The three European Supervisory Authorities, the European Banking Authority (EBA), the European Securities and Markets Authority (ESMA) and the European Insurance and Occupational Pensions Authority have each published their 2016 annual reports setting out their objectives, activities and key achievements during the course of 2016.

The Chair’s foreword to the EBA annual report includes the following comments:

“….the Basel Committee is close to finalising the last changes to international standards, aimed at addressing the excessive and unjustified variability in risk weighted assets [RWAs] calculated via banks’ internal models. The EBA has been amongst the first to identify the need for regulatory repair in this area…..We are now close to completing this repair action and keen that the Basel Committee finalises its package addressing the remaining issues that we have not directly tackled. The original proposals contained in the Consultation Paper published by the Basel Committee last year were putting excessive constraints on the use of internal models, driving to an excessive reduction in the risk sensitivity of the regulatory framework and to unwarranted increases in capital requirements. Since then significant adjustments have been made and we are now close to an agreement, although some very sensitive issues, such as the definition and calibration of an output floor, are still being debated.”

“Finally, this is an important year for the EBA also because the European Commission recently initiated a public consultation to evaluate the operations of the three European Supervisory Authorities and to identify areas where their effectiveness and efficiency can be improved. This review is very timely: the UK’s decision to leave the EU calls for a strategic rebooting of the ESAs, which for the EBA will also coincide with the need to relocate to another Member State within the Union. The EBA is not seeking additional powers: the current set up is working well and we should remain focused on the need to ensure the success of the Banking Union and the integrity of the Single Market. Some fine tuning of existing powers might however be considered. For instance, in recent opinions the EBA high-lighted areas in which a better formulation of our responsibilities could be extremely helpful – e.g. in the area of supervisory reporting, in the monitoring of eligible capital instruments and in the conduct of reviews on the implementation of common rules and practices.”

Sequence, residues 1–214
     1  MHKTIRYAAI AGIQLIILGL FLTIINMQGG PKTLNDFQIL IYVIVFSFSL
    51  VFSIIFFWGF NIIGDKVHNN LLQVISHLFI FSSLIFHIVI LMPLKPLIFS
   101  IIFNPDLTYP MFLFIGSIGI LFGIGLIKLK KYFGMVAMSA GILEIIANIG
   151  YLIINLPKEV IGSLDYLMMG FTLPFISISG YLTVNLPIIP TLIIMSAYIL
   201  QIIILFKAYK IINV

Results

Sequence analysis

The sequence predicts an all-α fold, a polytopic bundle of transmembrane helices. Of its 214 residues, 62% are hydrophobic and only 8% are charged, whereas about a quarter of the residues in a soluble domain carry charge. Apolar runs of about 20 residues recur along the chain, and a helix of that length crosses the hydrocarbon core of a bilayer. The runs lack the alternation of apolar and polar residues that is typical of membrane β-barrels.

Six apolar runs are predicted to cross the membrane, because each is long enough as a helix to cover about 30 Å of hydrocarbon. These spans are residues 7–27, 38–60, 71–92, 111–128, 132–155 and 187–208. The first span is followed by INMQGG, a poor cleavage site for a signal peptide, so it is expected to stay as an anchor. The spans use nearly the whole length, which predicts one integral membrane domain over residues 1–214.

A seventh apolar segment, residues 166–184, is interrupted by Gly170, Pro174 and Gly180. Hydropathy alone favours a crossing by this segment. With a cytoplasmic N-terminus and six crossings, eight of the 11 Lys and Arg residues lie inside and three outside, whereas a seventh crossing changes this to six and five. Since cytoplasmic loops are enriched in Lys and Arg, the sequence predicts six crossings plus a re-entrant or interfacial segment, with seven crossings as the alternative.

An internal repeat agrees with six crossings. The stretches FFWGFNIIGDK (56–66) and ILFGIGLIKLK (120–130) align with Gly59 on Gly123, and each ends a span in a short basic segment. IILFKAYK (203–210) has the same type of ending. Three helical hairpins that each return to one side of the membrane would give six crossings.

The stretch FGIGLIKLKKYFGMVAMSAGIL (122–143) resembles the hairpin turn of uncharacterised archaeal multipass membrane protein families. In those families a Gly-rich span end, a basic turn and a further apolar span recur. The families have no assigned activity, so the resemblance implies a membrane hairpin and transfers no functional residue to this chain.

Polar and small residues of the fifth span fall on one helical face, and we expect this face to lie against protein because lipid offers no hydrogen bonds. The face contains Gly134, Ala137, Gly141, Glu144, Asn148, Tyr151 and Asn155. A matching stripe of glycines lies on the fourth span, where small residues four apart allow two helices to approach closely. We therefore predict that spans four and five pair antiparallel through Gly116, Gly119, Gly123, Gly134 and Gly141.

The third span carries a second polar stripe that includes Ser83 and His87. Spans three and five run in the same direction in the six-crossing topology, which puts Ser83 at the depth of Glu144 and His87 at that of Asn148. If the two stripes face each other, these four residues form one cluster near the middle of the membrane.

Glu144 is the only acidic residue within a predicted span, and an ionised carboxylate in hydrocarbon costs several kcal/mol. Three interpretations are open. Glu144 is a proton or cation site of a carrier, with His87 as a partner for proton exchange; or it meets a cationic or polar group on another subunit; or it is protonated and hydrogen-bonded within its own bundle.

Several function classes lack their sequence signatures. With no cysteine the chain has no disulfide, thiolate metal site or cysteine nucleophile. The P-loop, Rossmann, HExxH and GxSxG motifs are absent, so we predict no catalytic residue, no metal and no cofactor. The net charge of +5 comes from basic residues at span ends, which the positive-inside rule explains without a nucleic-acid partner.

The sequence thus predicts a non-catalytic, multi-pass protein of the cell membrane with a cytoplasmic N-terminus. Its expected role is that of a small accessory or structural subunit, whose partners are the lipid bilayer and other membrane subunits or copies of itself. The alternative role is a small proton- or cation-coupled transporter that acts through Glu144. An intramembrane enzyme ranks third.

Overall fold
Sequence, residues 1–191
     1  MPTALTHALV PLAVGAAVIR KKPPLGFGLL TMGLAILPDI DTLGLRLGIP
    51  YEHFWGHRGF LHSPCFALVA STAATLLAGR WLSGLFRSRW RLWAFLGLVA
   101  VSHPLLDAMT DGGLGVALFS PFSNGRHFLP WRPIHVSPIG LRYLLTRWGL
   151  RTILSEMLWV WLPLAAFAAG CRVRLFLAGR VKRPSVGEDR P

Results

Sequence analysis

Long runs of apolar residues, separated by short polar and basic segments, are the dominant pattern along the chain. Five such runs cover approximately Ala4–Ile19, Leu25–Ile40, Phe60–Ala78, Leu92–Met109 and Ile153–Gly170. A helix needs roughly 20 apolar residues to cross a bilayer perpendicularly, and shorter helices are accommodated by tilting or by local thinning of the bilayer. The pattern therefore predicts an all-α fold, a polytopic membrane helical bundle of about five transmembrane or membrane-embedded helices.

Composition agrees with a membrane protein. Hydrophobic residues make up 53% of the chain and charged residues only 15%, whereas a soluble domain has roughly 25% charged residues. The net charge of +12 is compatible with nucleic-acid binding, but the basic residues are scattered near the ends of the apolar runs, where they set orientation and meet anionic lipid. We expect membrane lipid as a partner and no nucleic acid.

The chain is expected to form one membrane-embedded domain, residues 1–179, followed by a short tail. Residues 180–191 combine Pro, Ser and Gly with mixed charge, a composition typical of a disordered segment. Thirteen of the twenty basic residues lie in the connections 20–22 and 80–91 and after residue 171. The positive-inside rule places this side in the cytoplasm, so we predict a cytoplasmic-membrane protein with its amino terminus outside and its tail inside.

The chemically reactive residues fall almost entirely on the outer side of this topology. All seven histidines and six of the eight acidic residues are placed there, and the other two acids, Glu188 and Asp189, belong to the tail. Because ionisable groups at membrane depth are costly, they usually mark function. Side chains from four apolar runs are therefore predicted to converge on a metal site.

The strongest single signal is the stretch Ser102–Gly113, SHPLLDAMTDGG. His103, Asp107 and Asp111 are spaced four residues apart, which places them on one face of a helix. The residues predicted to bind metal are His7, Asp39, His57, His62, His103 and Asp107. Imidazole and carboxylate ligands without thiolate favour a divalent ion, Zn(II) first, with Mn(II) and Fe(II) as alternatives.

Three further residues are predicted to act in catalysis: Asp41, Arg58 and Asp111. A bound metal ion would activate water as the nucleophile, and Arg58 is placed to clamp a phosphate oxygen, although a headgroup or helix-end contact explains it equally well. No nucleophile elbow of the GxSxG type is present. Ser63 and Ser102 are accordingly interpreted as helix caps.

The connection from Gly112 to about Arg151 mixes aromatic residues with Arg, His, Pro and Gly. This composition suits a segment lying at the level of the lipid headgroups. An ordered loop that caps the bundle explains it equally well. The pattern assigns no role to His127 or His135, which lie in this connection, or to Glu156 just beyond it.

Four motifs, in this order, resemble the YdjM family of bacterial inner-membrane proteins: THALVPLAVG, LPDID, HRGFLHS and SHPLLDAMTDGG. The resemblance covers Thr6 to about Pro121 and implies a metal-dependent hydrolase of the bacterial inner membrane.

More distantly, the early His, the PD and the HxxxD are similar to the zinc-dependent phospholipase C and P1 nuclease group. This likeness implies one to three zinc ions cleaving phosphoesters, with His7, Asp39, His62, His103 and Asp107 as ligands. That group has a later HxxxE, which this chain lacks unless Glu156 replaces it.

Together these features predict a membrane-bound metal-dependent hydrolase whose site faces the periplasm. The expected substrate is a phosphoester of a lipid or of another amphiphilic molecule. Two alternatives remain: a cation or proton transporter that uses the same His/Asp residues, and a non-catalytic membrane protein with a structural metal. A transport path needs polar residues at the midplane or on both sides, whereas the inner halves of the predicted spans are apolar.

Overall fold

The Chair’s foreword to the ESMA annual report includes the following comments:

“The UK decision to leave the EU is an unprecedented development in the EU’s history, which will have a significant impact on financial markets and ESMA will have a key role to play in helping market participants adjust and prepare. In this respect, our focus is on supervisory convergence, and avoiding regulatory arbitrage, by ensuring that regulatory standards apply consistently to firms wishing to relocate activities to the EU27. We also see a need to rethink the framework for third countries in financial markets legislation including, the need to strengthen supervisory tools and to introduce regular enforcement powers regarding certain third country entities.”

View ESMA publishes 2016 Annual Report, 15 June 2017

View EBA publishes its 2016 Annual Report, 15 June 2017